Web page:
Book Review: Decision at Philadelphia: The Constitutional Convention of 1787 by Christopher Collier and James Lincoln Collier


Random House-Reader’s Digest, 201 E. 50th St., New York, NY • 331 pages, $19.95 cloth

Ten years ago we celebrated the 200th anniversary of the Declaration of independence in a spirited if not intellectual fashion. One hopes for a proper celebration in 1987 but I doubt there will be one because there is little “glamour” or excitement connected with constitution making. In contrast to revolutions it is a dull affair—dozens of questions to be asked, studied, debated, and voted upon.

Many compromises were necessary to write a constitution which would be acceptable to the fifty-five participants and the voters of the thirteen colonies. Each general subject opened the door to specifics. There were the issues of slavery, foreign and interstate trade, voting, the chief executive, congress, judiciary, armed forces, foreign affairs, national/state relations—the list is almost endless.

Perhaps the greatest problem for all the men in attendance was the challenge to form a government strong enough to enforce laws but not strong enough to become tyrannical. What de veloped was a system of checks and balances and a separation of powers to prevent any part of government from dominating the others.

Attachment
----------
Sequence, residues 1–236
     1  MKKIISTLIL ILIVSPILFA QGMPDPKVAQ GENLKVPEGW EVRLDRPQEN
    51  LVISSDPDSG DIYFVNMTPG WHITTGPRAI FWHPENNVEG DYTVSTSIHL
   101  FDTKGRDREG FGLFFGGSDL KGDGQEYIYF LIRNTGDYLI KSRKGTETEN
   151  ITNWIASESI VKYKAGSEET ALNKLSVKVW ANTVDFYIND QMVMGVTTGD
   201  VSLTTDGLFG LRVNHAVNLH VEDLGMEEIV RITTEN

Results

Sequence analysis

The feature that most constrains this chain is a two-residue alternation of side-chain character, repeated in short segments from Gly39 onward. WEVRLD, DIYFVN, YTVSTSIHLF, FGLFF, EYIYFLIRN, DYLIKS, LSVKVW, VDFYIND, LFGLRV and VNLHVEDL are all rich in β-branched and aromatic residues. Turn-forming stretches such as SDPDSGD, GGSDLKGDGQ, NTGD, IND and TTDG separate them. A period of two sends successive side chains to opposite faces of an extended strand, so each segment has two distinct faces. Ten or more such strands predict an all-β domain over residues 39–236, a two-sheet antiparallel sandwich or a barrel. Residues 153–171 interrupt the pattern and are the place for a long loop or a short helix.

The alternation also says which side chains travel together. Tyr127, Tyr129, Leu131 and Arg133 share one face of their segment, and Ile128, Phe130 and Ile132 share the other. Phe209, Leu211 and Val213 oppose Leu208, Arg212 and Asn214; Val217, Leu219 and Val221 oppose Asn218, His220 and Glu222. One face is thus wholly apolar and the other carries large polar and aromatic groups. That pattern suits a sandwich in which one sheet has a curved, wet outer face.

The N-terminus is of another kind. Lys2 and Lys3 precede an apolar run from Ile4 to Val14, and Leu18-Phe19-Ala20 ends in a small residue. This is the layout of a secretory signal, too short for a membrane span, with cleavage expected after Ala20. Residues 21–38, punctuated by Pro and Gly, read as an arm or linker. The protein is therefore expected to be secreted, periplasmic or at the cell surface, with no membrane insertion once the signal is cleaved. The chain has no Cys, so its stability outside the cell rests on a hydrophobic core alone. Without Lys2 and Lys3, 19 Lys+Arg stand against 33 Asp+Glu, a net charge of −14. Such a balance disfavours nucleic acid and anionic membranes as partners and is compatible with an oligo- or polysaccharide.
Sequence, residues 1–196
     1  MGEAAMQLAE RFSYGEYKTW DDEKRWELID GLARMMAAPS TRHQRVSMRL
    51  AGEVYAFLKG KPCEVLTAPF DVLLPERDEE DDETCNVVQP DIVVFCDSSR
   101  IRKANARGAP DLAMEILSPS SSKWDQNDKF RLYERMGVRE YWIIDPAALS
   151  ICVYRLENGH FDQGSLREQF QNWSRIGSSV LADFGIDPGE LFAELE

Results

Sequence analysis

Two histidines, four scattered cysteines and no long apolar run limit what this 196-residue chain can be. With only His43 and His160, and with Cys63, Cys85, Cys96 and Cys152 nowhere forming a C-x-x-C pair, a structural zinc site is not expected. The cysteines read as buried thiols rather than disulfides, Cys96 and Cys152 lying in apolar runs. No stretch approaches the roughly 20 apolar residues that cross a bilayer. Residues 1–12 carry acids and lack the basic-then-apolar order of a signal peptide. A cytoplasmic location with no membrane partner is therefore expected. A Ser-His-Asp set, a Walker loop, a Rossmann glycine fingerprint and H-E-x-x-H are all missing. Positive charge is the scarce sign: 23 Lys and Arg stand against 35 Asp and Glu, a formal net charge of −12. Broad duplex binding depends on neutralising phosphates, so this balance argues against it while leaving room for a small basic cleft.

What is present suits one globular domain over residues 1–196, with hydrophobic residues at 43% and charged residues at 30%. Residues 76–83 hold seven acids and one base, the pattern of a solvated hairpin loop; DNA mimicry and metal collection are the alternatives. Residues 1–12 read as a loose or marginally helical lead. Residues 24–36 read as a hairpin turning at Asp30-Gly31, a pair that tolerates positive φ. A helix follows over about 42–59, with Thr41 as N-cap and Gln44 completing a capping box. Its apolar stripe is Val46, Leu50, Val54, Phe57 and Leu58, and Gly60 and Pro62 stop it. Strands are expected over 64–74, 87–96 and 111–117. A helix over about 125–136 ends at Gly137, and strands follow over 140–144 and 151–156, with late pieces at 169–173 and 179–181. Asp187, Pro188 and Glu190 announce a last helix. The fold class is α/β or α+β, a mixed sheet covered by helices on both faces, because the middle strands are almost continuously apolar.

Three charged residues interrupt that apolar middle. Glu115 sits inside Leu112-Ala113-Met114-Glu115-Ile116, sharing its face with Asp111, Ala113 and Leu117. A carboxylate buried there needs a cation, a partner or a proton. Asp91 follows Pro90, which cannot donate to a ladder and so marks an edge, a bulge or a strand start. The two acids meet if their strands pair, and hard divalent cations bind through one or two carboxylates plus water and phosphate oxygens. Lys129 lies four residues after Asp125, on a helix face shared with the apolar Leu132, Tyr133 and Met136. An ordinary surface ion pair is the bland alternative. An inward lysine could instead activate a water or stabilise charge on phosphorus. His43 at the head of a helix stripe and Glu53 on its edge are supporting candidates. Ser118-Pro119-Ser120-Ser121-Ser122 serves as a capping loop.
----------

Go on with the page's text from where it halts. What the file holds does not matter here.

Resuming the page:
The authors of this very readable volume set the scene for The Grand Convention and offer biographical sketches of the major participants—Washington, Madison, Hamilton, Sherman, the Pinckneys, Gouverneur Morris, Edmund Randolph, Elbridge Gerry and others. Most were influential, prominent and well-to-do; many were lawyers. There was a great variety in their personalities and characters, but all were independent thinkers. They labored to produce a constitution which would contain government within proper bounds, as befits a free people.

Two points stand out: first, these were men willing to split their differences; they were not ideologues who would concede nothing. If these men had not made mutual concessions there would have been no Constitution and probably no United States of America as we know it today. The document is imperfect, of course, like everything in life. Second, the men at the Constitutional Convention understood human nature. As the book points out:

“The Constitution, beyond all else, was forged in the heat of human emotion. In the end it reflected, for good or ill, the human spirit. It worked because it was made by human beings for the use of human beings, not as we might wish them to be, but as they really were.”

The Constitution of the United States was made flexible on purpose. To have spelled out everything in detail would have been to draw up a document that would have been outdated in a few years. Brilliant men put together the Constitution, but none is so wise as to foresee the future. What we need to recapture is the spirit and intent of the Founding Fathers whose love of liberty underlay their remarkable work during a long, hot summer 200 years ago.

(Mr, Thornton resides in Lakeside Park, Kentucky.)


January 1987

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